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Actually this is a question which is given in a book and to be honest,it has baffled me.I'm not so much well versed with molecular evolution so my guess would be,say some sort of enzyme which could catalyse more than 1 reaction maybe coz then that 1 will be sufficient enough to do much more work,like it happens at organismic level,like reduction in legs of prawns and shrimps which has happened (earlier relatives has more legs but they were less effective as compared to their modern counterparts).So,my guess would be something like that but as I said earlier,I'm not so good in molecular evolution so please help me out.Or tell me about what were the characteristics or primitive macromolecules and those that occur today and via that,this question might be explained.Also,I've written the question as such given in the book i.e without any changes.

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    $\begingroup$ This is a nonsensical question akin to asking you to predict the future. Sure, further evolution of proteins etc may occur, but there is no “master plan”. Whatever TBH is should be ashamed of itself. I vote to close. $\endgroup$ – David Jan 18 at 15:15
  • $\begingroup$ I'm voting to close this question as off-topic because the question is based on a false assumption. $\endgroup$ – David Jan 18 at 15:16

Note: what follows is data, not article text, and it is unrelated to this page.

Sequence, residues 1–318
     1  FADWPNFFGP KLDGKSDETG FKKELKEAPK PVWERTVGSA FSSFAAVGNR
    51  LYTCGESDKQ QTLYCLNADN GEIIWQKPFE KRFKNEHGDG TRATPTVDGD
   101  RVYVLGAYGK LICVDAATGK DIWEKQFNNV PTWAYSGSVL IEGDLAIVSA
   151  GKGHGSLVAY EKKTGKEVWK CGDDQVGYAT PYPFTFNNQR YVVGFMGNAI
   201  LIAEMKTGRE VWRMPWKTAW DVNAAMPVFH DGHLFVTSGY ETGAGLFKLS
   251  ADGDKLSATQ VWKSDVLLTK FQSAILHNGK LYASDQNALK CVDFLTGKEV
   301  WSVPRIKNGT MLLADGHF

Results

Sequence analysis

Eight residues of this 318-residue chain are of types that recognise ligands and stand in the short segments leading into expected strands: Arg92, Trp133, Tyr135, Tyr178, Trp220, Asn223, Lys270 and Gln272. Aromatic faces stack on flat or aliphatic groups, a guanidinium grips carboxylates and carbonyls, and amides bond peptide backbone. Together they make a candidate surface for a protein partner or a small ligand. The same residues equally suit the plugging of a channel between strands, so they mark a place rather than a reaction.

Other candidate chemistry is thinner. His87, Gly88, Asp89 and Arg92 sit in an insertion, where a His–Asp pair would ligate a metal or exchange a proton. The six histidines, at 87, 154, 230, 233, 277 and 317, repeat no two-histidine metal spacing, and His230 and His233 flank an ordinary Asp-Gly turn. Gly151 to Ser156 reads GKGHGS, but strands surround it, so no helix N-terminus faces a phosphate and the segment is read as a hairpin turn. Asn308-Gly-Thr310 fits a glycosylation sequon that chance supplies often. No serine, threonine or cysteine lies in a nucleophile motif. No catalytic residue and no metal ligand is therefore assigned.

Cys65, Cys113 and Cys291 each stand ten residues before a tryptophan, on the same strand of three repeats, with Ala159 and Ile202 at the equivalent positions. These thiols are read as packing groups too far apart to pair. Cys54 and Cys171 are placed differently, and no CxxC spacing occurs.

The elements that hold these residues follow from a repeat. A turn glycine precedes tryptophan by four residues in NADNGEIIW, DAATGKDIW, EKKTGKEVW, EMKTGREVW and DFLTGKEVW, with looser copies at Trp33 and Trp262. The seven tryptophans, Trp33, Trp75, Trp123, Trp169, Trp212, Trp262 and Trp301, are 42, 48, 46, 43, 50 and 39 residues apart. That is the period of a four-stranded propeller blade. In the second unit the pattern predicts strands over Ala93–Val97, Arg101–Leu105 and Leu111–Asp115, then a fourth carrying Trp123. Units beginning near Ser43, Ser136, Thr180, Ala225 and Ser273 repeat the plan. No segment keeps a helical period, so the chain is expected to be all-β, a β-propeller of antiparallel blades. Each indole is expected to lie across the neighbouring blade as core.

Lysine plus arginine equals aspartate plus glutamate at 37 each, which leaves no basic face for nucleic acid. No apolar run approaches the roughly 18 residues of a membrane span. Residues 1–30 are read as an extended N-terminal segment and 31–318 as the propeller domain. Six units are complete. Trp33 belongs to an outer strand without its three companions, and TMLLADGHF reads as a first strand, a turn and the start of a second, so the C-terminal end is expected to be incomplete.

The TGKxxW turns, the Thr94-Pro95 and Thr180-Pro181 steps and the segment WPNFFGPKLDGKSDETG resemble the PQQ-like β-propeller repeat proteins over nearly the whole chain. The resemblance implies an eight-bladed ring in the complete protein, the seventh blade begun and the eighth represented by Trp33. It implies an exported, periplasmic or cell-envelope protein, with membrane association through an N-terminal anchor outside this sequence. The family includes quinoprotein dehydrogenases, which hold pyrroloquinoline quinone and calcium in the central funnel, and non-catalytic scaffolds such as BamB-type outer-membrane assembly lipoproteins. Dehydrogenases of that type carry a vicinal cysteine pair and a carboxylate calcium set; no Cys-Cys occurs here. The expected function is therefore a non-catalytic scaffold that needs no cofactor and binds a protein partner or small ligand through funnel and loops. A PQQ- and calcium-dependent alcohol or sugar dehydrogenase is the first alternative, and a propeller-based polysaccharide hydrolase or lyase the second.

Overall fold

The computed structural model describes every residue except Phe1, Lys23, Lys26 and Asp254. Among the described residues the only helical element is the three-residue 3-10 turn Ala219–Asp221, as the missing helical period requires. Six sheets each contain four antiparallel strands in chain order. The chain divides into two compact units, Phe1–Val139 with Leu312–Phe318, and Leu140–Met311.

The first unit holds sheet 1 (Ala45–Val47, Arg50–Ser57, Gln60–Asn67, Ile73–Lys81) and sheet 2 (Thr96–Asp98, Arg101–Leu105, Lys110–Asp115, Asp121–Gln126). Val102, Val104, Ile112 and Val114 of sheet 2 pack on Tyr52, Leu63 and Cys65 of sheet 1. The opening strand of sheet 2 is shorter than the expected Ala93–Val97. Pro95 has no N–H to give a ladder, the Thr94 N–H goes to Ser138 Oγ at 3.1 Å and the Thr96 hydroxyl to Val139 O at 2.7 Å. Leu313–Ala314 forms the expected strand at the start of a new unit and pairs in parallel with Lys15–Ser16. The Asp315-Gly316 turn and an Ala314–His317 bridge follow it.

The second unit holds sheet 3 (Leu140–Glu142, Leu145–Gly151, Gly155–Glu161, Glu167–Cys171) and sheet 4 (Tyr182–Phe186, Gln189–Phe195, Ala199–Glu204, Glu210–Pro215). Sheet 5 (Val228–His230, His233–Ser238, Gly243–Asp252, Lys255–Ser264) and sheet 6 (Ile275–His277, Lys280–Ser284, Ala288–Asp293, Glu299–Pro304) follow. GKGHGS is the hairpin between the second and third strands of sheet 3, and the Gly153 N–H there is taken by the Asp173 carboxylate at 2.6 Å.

• $\begingroup$ Your question is not clear. Can you please edit it? Add more relevant details if necessary. $\endgroup$ – WYSIWYG Jan 18 at 17:17
  • $\begingroup$ Well,can you explain that what are the changes that anyone have observed in the macromolecules of say the Proterozoic era or Palaeozoic era and the macromolecules that occur today.I guess that the book might be asking for this......... $\endgroup$ – Abner Alfred Thompson Jan 19 at 3:26
  • $\begingroup$ "I guess that the book might be asking..." is not good enough. Please edit your question with a direct quotation from the book and naming the book, author and publisher. In addition please remove the non-unicode, non-isolatin character at the end of your title and explain what TBH is quoting from that (or delete any mention of it). As I have already commented, the question as you pose it is in my opinion based on a false assumption, namely that evolution is directed "towards" something. If this was only your interpretation of a book, then we can help you if we know what was written. $\endgroup$ – David Jan 19 at 19:41

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